As pointed out in the previous post, the bike lane also requires westbound cyclists to merge across three lanes of traffic on either side of the campus, as they go from right to left and then left to right a few blocks later. To be safe, two-way protected cycle paths really need signalized intersections with separate bike phases, with concrete bollards and signs placed as far into the intersection as possible to prevent fast and sweeping (not to mention illegal) left turns. Javandel said that, in a couple of years, they will look at adding such features or adding concrete bus-boarding islands, like on Hearst, and creating one-way protected lanes on both sides of the street.

Still, the building of protected bike lanes, transit-only lanes, and complete streets has to start somewhere. Turning onto Oxford Street, with its narrow bike lane that sandwiches cyclists between parked cars and fast-moving traffic, underscores how much better the facilities now are on Bancroft and Hearst. It was nice to see Berkeley celebrating this progress, thanks to the advocacy work of Bike East Bay and the participating city and county agencies.

More images and impressions below.

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This bike-only cut through from Oxford to Hearst helps keep right turning cyclists safer. Photo: Streetsblog/Rudick
Uh oh
The lack of bicycle signals and these green markings seems to invite cyclists to turn directly into oncoming traffic. A small and easy-to-miss sign instructs bikers to follow the pedestrian signals. This intersection, and the one on the western end, desperately need a bike signal with its own phases. Photo: Streetsblog/Rudick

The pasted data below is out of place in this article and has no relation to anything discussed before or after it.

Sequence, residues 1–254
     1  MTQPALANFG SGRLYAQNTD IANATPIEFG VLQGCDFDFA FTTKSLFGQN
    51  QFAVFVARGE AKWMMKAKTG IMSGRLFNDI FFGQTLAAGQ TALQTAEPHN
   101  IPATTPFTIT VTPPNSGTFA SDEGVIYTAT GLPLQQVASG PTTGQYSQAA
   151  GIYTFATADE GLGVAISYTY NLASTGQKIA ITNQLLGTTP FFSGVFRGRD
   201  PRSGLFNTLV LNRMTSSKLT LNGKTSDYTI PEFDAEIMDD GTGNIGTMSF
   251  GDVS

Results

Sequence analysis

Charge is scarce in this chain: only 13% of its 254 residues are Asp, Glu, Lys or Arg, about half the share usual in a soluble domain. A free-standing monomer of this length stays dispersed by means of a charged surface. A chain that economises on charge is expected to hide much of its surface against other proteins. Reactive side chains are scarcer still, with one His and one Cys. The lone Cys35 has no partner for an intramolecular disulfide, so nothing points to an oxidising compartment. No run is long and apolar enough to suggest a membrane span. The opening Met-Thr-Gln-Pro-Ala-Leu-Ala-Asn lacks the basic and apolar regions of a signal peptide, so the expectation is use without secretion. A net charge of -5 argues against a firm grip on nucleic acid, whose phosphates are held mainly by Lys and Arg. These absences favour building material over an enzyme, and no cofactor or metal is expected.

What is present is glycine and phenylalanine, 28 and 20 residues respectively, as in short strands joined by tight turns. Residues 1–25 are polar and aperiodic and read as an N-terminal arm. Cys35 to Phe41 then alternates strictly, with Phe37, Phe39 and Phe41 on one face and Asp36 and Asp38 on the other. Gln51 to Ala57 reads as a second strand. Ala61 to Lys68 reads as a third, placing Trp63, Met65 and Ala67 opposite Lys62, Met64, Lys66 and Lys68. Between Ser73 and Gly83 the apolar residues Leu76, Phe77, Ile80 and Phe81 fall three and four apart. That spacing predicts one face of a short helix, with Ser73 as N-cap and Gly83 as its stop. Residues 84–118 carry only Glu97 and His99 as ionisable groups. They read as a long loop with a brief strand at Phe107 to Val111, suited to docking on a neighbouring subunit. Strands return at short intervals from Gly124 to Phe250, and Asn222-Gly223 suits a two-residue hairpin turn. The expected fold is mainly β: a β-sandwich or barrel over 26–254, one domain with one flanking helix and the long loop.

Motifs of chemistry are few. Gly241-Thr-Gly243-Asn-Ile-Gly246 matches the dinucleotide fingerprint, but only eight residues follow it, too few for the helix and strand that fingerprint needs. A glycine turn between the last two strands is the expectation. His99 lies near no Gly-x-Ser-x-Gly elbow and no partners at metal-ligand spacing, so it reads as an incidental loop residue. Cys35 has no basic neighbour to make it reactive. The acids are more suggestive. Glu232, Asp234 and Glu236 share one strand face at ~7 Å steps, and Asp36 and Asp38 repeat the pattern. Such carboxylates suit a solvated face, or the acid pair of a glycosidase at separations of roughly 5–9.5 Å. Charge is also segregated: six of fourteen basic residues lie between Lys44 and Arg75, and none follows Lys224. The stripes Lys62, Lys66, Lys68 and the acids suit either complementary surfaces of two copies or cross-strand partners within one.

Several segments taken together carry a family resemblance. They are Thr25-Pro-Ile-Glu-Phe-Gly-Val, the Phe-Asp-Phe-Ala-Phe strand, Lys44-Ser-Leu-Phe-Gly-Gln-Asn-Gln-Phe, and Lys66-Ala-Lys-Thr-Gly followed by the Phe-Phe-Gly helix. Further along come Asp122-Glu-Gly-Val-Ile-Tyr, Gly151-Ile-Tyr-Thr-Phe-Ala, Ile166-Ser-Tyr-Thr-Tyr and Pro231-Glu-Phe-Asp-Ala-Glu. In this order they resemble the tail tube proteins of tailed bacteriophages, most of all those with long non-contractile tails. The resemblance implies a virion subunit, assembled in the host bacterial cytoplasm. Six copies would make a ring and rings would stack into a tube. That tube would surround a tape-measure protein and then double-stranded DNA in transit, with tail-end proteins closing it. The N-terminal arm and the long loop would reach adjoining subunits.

Illegal lefts
At the intersection of Bancroft and Oxford, cars routinely violated the “no left turn” restrictions–inviting a left-hook collision with a westbound cyclist who would be traveling in the same direction as the car but out of the motorist’s view. Photo: Streetsblog/Rudick
Oxford
Bancroft and Hearst street are now quite a contrast from Oxford Street (which flanks the west side of the campus) where the old-school, conventional and narrow door/death lane leaves cyclists incredibly vulnerable. Photo: Streetsblog/Rudick
  • Minki

    This is just a stupid mess, spearheaded by those who have a mission in life to eliminate cars. The article discusses use by students, well, students make up only PART of the community. There really is NOT the Bike traffic to need these changes…which now, have pushed a loss of over 40 street parking spots, now has AC Transit Busses traveling at high speeds 2 feet from the curb where pedestrians walk, and eliminating 33.3 percent of the roads where autos travel, howwever, when anyone wishes to park, that in effect, STOPS all traffic on one lane, and now automobiles have 1 lane instead of the 3 required to carry traffic.

    Why not be SMART, and migrate Bike traffic to lanes with less auto traffic, such as Channing….instead of INTENTIONALLY migrating bicycle traffic into the most heavily traveled west bound auto street in that corridor. Any bicyclist who is responsible would automatically travel on Channing while West Bound